Both Birdie in Open If You Dare and Sami in The Eleventh Trade are faced with great challenges, such as dealing with one’s best friends moving away or trying to buy back a prized possession, that require a lot of hope and perseverance to overcome. What is the central message that you want young readers to take away from your novels? How do you want your book to help readers who are going through similar trials?
Alyssa: Great question! Boiled down to its very basic core, The Eleventh Trade is about how loss opens us up to community (friendship/belonging), and how community brings healing. I hope that readers will see the book as an opportunity to be aware of others’ struggle and actively jump in to give help and hope.
Dana: I agree with Alyssa. When a reader can identify and/or become aware of others’ struggles, the world becomes a smaller and kinder place. As an author, I feel like it’s my job to step into the skin of my protagonist. Birdie, in this case, is a lot like me and a lot different, too. She feels deeply about the impending loss of her friends (one is moving away and the other will go to a different school next year) but she also grows to understand that she can stand on her own and that the future can be different and good at the same time.
Alyssa: “Different and good” — I love that!
Dana: Right? I think I still struggle with that as an adult!
Kester: I definitely agree with the both of y’all. It’s very important to foster empathy in readers so they could make the world a better place.
Dana: In all fiction, but perhaps especially in middle grade fiction, it’s all about empathy and showing readers a variety of experiences. I’m excited to read The Eleventh Trade, partially for that reason. And also because it sound really good!
Kester: Both Open If You Dare and The Eleventh Trade tackle big issues such as being a refugee, having mixed parents, facing huge changes, and being a good friend. How do you tackle these themes in your novels? What effect do these have on the overall story?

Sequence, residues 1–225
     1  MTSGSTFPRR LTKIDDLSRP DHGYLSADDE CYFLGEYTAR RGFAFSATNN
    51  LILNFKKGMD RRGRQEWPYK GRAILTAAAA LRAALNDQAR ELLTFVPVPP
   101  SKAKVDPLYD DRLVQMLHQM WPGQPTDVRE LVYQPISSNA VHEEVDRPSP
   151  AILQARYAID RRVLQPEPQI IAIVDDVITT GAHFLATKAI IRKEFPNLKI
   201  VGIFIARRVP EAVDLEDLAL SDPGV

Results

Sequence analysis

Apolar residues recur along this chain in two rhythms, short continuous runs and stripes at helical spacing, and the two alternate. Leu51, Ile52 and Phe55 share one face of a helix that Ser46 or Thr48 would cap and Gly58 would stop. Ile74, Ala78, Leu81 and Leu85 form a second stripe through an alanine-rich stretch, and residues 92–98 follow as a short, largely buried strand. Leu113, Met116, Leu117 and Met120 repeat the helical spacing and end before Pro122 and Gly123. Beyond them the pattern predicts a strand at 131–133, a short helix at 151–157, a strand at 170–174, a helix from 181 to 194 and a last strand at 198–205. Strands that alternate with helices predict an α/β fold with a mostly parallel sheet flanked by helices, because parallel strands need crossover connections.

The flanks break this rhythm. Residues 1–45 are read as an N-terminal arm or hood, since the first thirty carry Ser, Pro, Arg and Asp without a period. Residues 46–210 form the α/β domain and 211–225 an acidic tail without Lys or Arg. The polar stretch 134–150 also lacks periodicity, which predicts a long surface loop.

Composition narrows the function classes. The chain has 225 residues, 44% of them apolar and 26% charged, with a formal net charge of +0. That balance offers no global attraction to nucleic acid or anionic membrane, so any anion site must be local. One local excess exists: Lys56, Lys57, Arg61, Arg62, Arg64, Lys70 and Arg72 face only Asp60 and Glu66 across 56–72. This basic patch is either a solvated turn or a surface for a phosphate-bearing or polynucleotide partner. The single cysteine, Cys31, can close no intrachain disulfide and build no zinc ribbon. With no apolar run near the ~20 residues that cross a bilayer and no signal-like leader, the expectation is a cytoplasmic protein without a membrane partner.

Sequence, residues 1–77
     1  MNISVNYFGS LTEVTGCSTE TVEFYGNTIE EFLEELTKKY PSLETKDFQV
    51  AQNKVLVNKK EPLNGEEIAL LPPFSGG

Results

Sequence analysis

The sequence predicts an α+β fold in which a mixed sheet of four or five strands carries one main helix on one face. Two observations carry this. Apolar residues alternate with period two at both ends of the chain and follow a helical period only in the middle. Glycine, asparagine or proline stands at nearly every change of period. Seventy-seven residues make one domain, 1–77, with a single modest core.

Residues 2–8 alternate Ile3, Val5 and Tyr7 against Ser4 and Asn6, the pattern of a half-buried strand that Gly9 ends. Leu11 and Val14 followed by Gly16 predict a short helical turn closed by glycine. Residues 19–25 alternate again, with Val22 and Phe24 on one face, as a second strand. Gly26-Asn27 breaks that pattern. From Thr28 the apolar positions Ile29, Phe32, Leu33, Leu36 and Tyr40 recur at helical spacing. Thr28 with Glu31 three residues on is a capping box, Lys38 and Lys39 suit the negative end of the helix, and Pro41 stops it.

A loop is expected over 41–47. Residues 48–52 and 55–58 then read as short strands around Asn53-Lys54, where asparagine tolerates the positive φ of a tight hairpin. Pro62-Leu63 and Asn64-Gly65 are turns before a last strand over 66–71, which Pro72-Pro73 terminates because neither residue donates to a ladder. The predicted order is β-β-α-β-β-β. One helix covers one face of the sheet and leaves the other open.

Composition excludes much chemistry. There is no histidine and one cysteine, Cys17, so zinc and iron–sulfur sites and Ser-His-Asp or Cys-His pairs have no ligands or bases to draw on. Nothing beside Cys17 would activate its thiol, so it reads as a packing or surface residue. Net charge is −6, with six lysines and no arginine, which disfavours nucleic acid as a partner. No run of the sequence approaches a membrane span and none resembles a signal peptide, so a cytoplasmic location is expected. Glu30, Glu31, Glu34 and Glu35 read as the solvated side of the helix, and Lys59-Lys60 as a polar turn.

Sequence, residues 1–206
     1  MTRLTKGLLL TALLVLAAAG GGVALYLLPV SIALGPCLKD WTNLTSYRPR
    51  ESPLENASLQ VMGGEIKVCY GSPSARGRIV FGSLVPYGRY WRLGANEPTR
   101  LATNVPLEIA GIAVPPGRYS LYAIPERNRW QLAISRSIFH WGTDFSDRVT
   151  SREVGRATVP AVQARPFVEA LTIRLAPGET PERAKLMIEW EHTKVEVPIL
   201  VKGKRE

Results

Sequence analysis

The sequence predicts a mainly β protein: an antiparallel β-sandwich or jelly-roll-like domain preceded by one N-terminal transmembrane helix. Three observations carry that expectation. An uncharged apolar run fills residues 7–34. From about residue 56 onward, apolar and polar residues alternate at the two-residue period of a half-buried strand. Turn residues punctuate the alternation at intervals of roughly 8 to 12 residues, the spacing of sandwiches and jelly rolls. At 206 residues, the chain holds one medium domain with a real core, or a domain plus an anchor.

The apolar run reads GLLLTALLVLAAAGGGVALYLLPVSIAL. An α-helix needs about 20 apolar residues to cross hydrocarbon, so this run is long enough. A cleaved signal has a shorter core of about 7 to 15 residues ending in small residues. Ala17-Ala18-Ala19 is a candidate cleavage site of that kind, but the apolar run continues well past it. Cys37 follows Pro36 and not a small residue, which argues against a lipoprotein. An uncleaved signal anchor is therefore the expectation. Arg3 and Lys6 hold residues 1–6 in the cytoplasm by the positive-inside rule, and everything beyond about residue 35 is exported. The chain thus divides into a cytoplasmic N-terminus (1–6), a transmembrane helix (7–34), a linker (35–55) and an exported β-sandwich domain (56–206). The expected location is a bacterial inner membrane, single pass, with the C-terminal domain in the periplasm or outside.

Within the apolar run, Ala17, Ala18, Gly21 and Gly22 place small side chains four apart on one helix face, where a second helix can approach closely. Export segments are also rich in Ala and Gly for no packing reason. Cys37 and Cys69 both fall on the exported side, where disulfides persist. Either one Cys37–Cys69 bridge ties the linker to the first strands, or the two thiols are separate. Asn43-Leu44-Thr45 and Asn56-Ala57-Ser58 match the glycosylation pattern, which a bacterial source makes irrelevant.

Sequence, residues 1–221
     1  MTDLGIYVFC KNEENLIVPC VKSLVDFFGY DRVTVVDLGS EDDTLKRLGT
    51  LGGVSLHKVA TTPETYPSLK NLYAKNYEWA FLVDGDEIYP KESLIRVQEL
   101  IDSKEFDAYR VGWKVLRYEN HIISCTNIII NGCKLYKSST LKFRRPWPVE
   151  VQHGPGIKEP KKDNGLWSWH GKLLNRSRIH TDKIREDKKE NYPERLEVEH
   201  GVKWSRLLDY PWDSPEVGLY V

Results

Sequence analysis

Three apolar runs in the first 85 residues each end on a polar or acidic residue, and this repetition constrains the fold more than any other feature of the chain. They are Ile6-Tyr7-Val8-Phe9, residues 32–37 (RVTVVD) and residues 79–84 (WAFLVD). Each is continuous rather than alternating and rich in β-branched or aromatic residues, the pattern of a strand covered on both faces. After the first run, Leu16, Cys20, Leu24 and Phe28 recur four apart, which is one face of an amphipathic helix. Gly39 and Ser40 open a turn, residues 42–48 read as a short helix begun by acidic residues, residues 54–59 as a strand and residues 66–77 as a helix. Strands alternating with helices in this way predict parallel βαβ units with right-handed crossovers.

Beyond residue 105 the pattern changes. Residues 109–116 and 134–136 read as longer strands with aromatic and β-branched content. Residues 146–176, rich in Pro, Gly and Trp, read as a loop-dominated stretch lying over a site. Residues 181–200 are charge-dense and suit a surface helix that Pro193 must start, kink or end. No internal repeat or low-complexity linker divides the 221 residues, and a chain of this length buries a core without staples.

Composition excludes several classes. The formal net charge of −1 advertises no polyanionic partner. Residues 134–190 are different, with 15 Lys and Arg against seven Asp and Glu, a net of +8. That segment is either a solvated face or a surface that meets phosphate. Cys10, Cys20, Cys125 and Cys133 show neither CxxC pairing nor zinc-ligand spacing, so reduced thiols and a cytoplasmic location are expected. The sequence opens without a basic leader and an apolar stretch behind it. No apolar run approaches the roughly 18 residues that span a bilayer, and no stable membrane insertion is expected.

Dana: For me it starts with character. What does my main character want and what is she afraid of? After that came to me in the mysterious writer way that it does, the rest of the story could be built around it.
Alyssa: My answer is similar to Dana’s. I started by thinking: Who is my main character? I’ve had exposure to Afghans (and specifically Pashtuns) for the past ten years or so, and have absolutely loved their culture from afar nearly as long. I wanted to write a story that was character-driven, that contained a larger issue but focused in on this specific case with this specific boy. Trade has never been an “issues” book, and I think that’s a huge strength in stories like this. You tell a good story, and the sincere emotion of an issue will follow. I feel like that’s much harder to create authentically in the reverse.
Dana: Can I add something here?
Alyssa: Do it! (I might add something too.)
Dana: I feel the same away about an issues book. You want to have compelling “issues” or themes in your book but it’s got to be buoyed by a good story about real people. Birdie happens to be biracial because she came to me that way. There are many biracial children in my life and I’m sure that influenced it. So, it’s a part of who she is but also, I wanted her to just be a girl who was going through this unique summer, who was tenacious and smart and full of feelings without her color taking center stage.